Basra v BJSS Ltd UKEAT/0090/17/DA

Appeal against a ruling by the ET that a without prejudice offer made by the employer to terminate the employment on certain terms was inadmissible evidence when considering whether the Claimant had been dismissed or had resigned. Appeal allowed and remitted to the same ET.

The Claimant and Respondent entered into negotiation to terminate his employment without having to undergo a disciplinary process. A without prejudice offer was made to the Claimant who emailed back accepting the offer "subject to contract and without prejudice" which the Respondent took to mean that he had resigned. The disciplinary procedure did not take place and the Claimant was then off sick for a couple of weeks, during which time the Respondent chased him about the settlement agreement. The Claimant then wrote to say he had not resigned and wished to return to work, the Respondent then confirming that they understood that he had resigned, although there was some uncertainty about the actual date of termination. The ET found that there was no dismissal and that the Claimant had resigned. However, in making that decision, the ET ignored the "without prejudice" communication as those conversations were protected by Section 111A of the Employment Rights Act 1996 even though both parties suggested that they waive the protection of that privilege so that the Tribunal could consider the full circumstances of the case. The ET did consider the acceptance email when making its decision. The Claimant appealed.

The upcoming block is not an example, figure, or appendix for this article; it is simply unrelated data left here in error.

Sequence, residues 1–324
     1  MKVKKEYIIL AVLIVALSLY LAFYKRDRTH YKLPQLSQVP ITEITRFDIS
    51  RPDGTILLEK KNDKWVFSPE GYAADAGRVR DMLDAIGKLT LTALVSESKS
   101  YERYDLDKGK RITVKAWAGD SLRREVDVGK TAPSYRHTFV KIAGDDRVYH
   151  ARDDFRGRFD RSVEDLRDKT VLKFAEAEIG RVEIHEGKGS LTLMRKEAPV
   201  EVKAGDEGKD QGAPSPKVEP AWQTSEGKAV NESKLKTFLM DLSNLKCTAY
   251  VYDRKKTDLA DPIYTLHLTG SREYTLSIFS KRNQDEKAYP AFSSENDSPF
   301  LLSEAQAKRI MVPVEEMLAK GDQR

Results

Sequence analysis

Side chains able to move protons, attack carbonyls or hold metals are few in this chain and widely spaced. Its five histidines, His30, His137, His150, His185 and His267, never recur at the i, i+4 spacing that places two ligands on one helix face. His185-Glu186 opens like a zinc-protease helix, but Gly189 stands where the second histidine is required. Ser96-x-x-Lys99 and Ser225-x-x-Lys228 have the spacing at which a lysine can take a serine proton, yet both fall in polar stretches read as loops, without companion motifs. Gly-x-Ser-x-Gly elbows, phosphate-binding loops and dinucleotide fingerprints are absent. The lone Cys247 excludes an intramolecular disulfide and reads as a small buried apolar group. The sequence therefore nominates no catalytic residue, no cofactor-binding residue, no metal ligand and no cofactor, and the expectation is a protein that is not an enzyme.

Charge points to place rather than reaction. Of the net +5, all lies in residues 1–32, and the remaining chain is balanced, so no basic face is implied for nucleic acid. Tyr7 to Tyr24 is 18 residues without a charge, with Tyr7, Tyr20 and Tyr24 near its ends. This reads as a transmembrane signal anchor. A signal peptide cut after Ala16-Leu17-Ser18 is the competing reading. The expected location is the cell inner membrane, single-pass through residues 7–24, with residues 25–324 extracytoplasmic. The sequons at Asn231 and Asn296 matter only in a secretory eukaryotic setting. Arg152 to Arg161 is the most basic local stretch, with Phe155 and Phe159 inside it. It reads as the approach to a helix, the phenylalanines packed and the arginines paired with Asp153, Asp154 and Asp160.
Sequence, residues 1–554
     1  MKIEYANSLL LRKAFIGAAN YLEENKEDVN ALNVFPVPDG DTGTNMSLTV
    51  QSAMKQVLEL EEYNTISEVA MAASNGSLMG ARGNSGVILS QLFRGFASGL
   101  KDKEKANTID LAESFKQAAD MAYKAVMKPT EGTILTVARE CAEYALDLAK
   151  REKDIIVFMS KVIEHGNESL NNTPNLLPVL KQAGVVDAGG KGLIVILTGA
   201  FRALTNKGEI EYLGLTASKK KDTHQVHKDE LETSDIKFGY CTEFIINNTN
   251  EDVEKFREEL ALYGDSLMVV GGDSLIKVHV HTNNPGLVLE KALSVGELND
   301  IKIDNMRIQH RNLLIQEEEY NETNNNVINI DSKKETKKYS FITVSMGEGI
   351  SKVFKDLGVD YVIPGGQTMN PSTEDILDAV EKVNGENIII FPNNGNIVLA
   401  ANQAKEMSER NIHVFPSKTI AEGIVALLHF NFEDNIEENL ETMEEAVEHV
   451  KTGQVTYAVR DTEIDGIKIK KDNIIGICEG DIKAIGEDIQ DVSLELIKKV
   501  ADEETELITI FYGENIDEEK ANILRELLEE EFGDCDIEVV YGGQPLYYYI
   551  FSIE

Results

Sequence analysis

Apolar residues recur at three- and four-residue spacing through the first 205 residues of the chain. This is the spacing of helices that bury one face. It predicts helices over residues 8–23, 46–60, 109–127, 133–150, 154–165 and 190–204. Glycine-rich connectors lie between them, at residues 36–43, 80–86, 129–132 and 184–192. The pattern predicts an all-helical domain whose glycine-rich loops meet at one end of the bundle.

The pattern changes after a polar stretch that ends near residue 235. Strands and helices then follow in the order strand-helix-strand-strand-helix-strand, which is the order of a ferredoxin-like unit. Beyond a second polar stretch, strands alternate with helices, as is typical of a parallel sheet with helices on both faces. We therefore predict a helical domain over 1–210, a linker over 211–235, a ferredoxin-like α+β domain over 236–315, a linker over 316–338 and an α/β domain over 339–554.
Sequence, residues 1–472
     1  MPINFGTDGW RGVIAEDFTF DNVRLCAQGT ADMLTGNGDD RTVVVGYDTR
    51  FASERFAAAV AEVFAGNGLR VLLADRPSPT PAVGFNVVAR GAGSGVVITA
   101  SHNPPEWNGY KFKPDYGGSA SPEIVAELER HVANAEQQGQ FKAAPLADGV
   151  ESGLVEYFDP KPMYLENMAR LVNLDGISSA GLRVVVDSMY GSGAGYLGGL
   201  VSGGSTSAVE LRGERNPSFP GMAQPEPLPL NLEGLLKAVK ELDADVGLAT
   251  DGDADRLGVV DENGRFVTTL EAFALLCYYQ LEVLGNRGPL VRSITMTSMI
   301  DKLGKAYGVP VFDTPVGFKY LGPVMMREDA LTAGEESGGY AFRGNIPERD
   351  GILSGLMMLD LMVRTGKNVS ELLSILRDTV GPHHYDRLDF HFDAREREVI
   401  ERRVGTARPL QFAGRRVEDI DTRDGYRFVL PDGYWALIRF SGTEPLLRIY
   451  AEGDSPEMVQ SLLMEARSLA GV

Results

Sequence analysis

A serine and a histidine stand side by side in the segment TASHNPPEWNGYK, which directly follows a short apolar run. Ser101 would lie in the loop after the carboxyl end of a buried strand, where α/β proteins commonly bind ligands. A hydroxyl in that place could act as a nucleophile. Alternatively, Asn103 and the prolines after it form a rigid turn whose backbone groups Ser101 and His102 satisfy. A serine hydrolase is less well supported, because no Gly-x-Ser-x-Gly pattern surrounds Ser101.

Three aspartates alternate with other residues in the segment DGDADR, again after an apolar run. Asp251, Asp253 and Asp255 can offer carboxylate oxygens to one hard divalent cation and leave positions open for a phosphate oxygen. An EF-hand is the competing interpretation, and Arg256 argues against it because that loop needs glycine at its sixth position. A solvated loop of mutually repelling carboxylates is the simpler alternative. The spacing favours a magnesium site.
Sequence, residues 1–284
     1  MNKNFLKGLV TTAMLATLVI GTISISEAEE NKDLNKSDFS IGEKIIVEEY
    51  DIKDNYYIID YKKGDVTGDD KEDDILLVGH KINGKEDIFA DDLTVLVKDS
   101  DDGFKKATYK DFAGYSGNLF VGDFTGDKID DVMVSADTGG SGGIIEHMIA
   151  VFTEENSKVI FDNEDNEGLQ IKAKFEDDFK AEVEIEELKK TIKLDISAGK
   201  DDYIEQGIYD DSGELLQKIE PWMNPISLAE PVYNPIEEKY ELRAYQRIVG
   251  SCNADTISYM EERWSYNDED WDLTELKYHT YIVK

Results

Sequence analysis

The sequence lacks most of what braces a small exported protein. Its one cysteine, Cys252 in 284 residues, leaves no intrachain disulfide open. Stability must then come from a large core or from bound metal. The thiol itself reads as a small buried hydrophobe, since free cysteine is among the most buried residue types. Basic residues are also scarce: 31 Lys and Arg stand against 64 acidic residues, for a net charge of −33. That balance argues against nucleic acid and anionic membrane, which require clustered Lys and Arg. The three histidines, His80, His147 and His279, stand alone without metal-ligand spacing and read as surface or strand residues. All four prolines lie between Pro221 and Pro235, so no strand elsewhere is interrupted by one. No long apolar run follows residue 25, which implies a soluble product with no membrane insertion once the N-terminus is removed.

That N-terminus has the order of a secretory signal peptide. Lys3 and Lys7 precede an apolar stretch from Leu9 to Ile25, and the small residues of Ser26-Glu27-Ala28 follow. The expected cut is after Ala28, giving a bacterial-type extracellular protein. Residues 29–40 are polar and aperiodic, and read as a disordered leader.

The EAT allowed the appeal. There was a clear dispute as to the date of termination. However, even before reaching a final conclusion on whether the contract terminated on 3 March 2016 (as the Respondent contended) or on 15 March 2016 (as the Claimant contended), the ET chose to disregard without prejudice communications prior to the first of these dates. The ET erred in so doing. The ET also erred in concluding that the acceptance email (without reference to the without prejudice offer) amounted to an unambiguous resignation.

http://www.bailii.org/ew/cases/EWHC/Ch/2003/1274.html

Published: 21/12/2017 10:59

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